Thursday, October 31, 2013

Warren Buffett's Criteria for Acquisitions - Thoughts for Selling Firms

In last week's post, I commented on Business Risk, Financial Risk and Attractive LBO Candidates.  Today, I just want to note the correspondance of many  of these items with those stated by Berkshire Hathaway.  The items noted on their website are quite similar (with the exception of concentrating on large companies).  From their website:


We are eager to hear from principals or their representatives about businesses that meet all of the following criteria:
  1. Large purchases (at least $50 million of before-tax earnings),
  2. Demonstrated consistent earning power (future projections are of no interest to us, nor are "turnaround" situations),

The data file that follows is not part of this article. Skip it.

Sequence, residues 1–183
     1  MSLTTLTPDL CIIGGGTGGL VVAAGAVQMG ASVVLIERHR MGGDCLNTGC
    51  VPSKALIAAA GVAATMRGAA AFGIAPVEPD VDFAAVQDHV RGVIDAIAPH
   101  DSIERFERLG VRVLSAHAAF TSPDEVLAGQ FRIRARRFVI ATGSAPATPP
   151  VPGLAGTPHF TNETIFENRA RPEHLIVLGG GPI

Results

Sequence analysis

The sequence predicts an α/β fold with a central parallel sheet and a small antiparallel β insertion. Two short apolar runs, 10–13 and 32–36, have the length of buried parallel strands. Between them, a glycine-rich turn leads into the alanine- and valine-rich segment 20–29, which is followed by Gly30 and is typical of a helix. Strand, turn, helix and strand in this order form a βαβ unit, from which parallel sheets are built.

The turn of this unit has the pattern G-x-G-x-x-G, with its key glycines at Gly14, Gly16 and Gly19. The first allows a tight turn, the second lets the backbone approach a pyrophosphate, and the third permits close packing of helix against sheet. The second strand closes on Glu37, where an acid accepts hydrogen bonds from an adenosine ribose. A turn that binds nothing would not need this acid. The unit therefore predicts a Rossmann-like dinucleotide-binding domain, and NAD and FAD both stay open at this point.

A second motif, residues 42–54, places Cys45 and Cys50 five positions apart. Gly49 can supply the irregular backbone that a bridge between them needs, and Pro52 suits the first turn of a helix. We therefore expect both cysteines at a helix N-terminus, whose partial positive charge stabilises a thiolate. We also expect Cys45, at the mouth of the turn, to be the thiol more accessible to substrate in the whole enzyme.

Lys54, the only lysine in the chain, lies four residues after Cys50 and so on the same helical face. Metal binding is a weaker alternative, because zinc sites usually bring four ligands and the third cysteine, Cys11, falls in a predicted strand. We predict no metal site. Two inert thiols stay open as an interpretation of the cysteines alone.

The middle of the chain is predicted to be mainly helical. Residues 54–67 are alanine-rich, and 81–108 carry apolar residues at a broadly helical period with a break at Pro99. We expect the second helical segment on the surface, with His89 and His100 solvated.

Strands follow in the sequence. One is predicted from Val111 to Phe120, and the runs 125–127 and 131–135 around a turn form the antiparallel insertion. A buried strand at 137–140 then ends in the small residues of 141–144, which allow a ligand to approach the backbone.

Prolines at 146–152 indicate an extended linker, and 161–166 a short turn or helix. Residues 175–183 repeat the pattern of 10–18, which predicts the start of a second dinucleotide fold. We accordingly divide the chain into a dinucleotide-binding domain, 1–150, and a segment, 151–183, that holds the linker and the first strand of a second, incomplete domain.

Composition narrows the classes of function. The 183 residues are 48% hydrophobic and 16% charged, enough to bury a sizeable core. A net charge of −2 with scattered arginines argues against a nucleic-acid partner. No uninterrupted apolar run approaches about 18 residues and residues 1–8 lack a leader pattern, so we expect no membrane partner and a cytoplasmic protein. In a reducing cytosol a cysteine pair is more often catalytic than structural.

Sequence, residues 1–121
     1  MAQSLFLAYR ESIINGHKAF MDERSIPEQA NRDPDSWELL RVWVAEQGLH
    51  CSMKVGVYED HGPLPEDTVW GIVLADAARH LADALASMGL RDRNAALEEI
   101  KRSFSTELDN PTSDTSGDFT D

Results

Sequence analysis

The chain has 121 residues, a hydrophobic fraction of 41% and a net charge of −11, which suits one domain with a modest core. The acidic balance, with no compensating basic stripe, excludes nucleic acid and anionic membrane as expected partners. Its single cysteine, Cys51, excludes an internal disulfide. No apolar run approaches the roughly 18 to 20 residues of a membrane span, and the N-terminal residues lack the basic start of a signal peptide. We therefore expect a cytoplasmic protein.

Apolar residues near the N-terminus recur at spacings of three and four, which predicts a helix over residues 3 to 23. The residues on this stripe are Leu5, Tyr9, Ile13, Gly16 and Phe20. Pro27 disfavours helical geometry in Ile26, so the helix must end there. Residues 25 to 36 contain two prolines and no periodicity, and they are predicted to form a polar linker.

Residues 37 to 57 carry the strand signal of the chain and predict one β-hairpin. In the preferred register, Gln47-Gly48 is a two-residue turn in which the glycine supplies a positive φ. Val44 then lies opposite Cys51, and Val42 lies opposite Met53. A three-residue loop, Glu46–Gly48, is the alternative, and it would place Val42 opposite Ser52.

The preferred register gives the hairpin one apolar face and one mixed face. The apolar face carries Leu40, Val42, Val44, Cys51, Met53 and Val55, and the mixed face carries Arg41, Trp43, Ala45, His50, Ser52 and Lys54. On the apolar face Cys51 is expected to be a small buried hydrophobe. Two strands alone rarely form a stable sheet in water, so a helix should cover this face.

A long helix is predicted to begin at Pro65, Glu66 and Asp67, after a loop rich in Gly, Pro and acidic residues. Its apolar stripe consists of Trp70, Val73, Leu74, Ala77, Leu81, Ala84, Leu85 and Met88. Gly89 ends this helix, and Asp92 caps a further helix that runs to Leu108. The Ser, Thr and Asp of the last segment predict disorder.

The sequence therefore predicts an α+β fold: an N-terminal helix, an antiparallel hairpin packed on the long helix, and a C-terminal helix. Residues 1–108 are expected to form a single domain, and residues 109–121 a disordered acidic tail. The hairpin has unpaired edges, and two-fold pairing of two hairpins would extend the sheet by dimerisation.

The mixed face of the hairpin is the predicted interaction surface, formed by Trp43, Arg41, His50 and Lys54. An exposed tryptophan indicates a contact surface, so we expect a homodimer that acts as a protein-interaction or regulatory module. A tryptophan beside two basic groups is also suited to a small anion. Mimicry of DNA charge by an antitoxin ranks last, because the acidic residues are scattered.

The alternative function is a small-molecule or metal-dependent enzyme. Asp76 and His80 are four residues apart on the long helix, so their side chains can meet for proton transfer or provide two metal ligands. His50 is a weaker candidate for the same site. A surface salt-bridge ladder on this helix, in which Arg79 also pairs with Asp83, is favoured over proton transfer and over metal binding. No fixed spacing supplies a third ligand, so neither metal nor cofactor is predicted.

3. Businesses earning good returns on equity while employing little or no debt, 
  4. Management in place (we can't supply it),
  5. Simple businesses (if there's lots of technology, we won't understand it),
  6. An offering price (we don't want to waste our time or that of the seller by talking, even preliminarily, about a transaction when price is unknown)."
These criteria tie in very nicely with what we noted in last week's post: Strong stable companies with good management and predictable cash flows make excellent targets for leveraged finance.  

Buffett concludes with his typical humor:

"Charlie and I frequently get approached about acquisitions that don't come close to meeting our tests: We've found that if you advertise an interest in buying collies, a lot of people will call hoping to sell you their cocker spaniels. A line from a country song expresses our feeling about new ventures, turnarounds, or auction-like sales: "When the phone don't ring, you'll know it's me."

(Don't forget the upcoming Acquisition Finance Course in Amsterdam.)

All the best,


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